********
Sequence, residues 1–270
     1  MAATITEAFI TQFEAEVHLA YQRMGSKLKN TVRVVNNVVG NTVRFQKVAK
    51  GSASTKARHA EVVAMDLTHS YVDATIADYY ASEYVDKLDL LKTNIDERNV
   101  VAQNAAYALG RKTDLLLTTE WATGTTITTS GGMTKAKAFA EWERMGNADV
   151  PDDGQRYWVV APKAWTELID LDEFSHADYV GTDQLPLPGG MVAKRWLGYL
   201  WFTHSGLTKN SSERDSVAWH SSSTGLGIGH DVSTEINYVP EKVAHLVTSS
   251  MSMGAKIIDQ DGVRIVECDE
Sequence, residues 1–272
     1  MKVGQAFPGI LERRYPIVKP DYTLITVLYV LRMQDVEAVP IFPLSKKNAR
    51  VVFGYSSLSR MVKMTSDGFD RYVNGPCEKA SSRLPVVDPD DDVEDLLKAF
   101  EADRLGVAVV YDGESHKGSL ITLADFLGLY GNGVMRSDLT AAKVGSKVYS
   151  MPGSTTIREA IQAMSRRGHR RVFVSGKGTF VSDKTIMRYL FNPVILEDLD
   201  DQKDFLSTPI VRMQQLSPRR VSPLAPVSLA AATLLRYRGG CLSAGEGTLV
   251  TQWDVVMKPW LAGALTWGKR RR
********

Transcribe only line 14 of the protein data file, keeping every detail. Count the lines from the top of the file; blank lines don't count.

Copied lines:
   251  TQWDVVMKPW LAGALTWGKR RR